Or as Solbjørg Mikkola, from the refugee service in Sør-Varanger (the municipality bordering Russia) put it:
With humanity, respect and a spirit of cooperation.
Cooperation is vital for successful integration.
New arrivals must be willing to comply with our legislation and rules. They must be willing to learn Norwegian, to work, and to take an active part in society.
Integration is never without problems. But nor is it impossible.
16-year-old Ali al-Jabri from Stovner, a suburb northeast of Oslo, has shown that integration doesn’t need to be difficult.
Together with several other teenagers, he visits elderly people in a local residential care home – to the mutual enjoyment and benefit of young and old. This volunteer visitor scheme is an example to follow for young people all over the country.
Ali al-Jabri has invited people to come and see how integration works in practice. I intend to do just that.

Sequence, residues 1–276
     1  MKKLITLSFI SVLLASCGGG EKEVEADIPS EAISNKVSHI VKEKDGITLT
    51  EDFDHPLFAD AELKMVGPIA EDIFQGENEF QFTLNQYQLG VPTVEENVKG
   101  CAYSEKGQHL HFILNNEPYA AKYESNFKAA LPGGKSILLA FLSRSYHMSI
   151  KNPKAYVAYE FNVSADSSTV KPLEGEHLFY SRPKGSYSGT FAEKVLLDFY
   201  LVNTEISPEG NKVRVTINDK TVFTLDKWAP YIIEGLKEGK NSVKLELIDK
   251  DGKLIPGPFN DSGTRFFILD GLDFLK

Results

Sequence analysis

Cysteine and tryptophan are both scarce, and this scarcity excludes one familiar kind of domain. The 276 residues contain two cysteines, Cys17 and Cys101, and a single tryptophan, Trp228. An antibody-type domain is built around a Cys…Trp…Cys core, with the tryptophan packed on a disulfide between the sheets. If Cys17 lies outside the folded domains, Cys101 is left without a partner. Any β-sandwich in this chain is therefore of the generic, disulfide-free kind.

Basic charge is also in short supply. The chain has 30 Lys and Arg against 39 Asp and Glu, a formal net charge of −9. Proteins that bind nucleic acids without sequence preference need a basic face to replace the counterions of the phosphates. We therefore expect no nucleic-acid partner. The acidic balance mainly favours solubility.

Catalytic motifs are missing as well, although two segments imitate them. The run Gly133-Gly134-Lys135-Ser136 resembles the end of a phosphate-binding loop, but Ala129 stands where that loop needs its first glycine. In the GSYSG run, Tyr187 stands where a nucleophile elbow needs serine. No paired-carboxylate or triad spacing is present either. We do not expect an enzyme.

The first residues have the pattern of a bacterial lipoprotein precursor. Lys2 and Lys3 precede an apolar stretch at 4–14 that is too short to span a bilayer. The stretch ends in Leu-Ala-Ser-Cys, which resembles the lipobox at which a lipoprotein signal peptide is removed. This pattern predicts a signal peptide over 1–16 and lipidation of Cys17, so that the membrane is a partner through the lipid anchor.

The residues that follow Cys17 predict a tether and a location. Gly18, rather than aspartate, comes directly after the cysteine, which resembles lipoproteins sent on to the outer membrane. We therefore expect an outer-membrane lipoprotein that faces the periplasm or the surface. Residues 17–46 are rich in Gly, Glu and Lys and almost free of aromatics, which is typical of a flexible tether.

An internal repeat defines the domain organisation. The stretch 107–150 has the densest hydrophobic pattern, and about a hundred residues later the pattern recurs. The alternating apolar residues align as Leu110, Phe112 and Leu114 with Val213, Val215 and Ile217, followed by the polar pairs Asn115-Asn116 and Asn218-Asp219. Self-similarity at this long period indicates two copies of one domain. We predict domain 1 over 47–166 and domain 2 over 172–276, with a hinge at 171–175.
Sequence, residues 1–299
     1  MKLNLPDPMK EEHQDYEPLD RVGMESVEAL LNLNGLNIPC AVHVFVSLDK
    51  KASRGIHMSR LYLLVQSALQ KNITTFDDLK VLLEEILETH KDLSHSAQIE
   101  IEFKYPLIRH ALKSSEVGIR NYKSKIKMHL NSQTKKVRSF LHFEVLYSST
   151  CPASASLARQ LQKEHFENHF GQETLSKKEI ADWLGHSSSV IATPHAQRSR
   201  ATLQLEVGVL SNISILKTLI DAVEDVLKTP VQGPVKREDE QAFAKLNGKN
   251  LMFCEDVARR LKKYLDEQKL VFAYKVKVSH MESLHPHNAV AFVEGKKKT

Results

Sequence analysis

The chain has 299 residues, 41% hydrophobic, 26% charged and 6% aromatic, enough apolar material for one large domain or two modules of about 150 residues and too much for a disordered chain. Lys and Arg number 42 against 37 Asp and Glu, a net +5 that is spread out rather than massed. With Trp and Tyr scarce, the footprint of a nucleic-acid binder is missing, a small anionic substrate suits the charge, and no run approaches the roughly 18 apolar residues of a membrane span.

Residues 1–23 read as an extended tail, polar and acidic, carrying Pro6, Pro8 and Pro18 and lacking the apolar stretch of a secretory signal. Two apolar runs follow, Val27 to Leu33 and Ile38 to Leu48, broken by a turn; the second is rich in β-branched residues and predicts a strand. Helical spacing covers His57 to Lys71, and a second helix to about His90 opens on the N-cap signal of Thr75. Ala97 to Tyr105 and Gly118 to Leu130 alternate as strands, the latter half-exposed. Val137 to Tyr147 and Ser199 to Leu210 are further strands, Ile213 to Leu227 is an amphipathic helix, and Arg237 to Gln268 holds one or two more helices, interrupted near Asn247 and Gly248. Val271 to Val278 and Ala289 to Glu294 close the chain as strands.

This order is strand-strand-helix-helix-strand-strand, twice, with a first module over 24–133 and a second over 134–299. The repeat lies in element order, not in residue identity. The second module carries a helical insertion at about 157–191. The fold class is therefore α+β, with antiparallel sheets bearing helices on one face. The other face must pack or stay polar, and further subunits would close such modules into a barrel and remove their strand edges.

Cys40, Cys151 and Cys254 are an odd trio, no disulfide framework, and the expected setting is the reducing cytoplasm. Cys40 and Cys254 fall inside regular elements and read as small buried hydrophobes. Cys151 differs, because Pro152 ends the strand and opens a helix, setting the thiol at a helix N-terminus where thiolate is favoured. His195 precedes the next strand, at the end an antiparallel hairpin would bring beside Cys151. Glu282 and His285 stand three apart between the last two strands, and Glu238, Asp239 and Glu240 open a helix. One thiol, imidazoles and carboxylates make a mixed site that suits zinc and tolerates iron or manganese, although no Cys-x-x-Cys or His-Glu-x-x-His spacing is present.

He is an outstanding example of the many young Norwegians with an immigrant background who are making an invaluable contribution to integration.
In many countries we are seeing a battle of values. Between our values and the values of extremists.
There are no ghettos in Norway. There are no areas where young people see nothing but hopelessness.
We must make sure that things stay that way. That everyone growing up in Norway feels part of a society that gives those who work hard the opportunity to succeed.
The Storting, the Government and the local authorities cannot do this on their own.